Karl Marx was right in observing that behind every revolution, there was a poet.
Movements have to be mobilized – and poetry has the magic. However, he should have added that, in the same vein, behind every oppressor (autocrat, colonizer or capitalist), there is an equally talented poet.
So, Slavoj Žižek would notably claim that behind every genocide, there was a poet. The 2016 election was a musical election. The contest between “Tubonga Naawe” and “Toka kwa barabara” demonstrated a moment in Uganda’s history where music was central to political mobilization.
The Tubonga Nawe musical, which rented most of the best hands in the industry, had one stubborn exception, Bobi Wine. A year later, Mr Wine would challenge colleagues showing them that instead of fighting for crumbs left behind by the big eaters, they actually had power in their hands.
It was a lesson to many, except one man, Bebe Cool. With Bobi Wine’s fame growing “like a bushfire in the harmattan,” Bebe Cool has remained alone convinced that Tubonga Nawe was not a mistake.
The state has been pleased. Thus, a Bobi Wine show for Boxing day would be cancelled by the same man who instead advertised a Bebe Cool show for the same day. With Cool emerging as Bobi Wine’s counterfoil, media interest was piqued.
Capital FM and NBS TV invited him to their premier political shows The Capital Gang and The Frontline, respectively. I do not intend to comment on Big Size’s intellectual weight. Instead, his performance reminded me of an incident of mine I had with the singer sometime in 2009.
Were it to be successful, I would be credited for being first to package him as a national poet. As a young editor at Fountain Publishers, I had just returned from India for a course in book publishing. Inspired by the industry in New Delhi, especially regarding the diversity of books Indians published, I sought to make some changes on Kampala’s publishing scene.
Books about Bollywood stars, Shahrukh Khan, and Priyanka Chopra had left an impression on me. Encouraged by the very creative Fountain MD, James Tumusiime, we debated the candidate for the project.
Son to a former minister, with music that was critical of Museveni’s tribalism (Kawuna) and corruption (Corruption), older in the industry, and with a controversial life and career, among other things, we settled for Bebe Cool.
I was dispatched to find the singer and talk him into the project. There was a bar in Nakulabye called Password where we met the first time. Bebe Cool was slightly tipsy but coherent enough.
I took him through the proposal, and as hard as possibly could, explained what it meant writing a book – as different from a newspaper article. He was enchanted that a memoir with a reputable publisher as Fountain would not only intellectualize but also accentuate his star.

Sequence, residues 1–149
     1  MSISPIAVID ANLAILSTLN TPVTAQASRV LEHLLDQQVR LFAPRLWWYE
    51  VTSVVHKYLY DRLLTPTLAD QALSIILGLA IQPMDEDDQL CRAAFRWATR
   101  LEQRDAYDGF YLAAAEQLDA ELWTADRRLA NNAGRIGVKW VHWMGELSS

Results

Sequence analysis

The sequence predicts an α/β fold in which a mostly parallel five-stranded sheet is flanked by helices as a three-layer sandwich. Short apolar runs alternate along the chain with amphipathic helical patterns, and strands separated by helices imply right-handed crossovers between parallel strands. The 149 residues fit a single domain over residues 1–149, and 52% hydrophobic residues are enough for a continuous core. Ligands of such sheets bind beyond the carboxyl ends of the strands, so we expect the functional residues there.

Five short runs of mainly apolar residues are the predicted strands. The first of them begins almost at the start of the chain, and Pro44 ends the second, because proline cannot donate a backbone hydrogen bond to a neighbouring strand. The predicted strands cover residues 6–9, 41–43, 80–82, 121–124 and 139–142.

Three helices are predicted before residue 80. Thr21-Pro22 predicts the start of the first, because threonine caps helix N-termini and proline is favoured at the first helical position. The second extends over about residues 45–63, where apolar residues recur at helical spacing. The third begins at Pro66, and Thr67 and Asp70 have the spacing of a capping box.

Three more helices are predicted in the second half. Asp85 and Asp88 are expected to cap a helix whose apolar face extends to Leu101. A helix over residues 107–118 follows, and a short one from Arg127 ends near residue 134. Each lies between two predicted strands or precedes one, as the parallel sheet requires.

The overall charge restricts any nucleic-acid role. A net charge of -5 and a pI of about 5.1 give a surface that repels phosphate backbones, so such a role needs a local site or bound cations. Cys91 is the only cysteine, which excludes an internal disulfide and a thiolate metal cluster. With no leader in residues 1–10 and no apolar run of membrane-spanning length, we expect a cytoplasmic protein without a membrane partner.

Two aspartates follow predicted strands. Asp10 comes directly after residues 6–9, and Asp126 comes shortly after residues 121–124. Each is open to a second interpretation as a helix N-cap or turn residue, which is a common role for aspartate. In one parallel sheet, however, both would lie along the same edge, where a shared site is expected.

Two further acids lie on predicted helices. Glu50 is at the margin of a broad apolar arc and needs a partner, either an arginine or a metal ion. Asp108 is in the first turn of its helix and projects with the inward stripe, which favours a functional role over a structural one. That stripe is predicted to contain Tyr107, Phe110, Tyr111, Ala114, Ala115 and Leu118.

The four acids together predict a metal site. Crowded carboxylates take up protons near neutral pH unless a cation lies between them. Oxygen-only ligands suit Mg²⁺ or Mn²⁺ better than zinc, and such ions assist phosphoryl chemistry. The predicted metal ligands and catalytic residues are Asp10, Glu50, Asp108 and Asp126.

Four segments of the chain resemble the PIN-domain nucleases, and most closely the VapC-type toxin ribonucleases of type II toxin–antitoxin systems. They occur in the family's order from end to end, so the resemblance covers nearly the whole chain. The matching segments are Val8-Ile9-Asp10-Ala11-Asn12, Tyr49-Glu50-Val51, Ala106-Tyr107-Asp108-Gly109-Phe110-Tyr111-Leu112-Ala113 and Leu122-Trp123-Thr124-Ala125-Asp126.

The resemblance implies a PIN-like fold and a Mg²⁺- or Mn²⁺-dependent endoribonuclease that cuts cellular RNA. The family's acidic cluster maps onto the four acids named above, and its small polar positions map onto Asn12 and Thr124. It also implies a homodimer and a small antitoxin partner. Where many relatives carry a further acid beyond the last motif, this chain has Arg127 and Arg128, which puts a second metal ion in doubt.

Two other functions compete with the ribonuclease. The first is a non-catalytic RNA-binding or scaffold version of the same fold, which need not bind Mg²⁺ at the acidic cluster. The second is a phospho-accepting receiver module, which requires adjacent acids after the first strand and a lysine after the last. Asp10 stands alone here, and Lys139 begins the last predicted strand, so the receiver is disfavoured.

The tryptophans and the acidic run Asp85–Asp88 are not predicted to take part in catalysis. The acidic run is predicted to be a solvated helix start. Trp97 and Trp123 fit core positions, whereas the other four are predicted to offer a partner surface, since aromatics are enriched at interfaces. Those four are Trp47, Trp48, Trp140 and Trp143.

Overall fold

I then asked him to find time and visit our offices for his knowledge of the industry. A date was fixed. One Friday afternoon, I received a frantic phone call from Mr Cool. He wanted to see me urgently.
He required me to run to either Bukoto or Ntinda, or somewhere thereabout. Why did he want me for something urgent before visiting our offices as planned? Books are slower and are often written retrospectively (often through research and memory), not as events in motion.
Had he mistaken my trade for journalism? I quickly informed my seniors who, despite their flabbergasted selves, encouraged me on. I quickly jumped onto a bike riding from Makerere University where the Fountain offices were then.
Midway the journey, Bebe Cool called again and demanded I go with a camera and recorder. His voice seemed agitated and wrought with emotion. I had neither gadget except a notebook.
I diverted the bike to The Independent magazine offices in Kamwokya where I have friends and thought would get these gadgets. I failed. I called Bebe Cool to announce to him my challenge with the gadgets especially since this meeting had been unscripted.
Upon hearing this, Bebe Cool went bonkers uttering the most X-rated expletives: Fs after Fs. “Never ever call me again,” he declared.
I returned to Fountain to narrate my horrors as the project concluded before kickoff. The next I heard, he had become buddies with President Museveni, singing for the NRM and trying to graft himself into a regime/national poet.
The author is a PhD fellow at Makerere Institute of Social Research.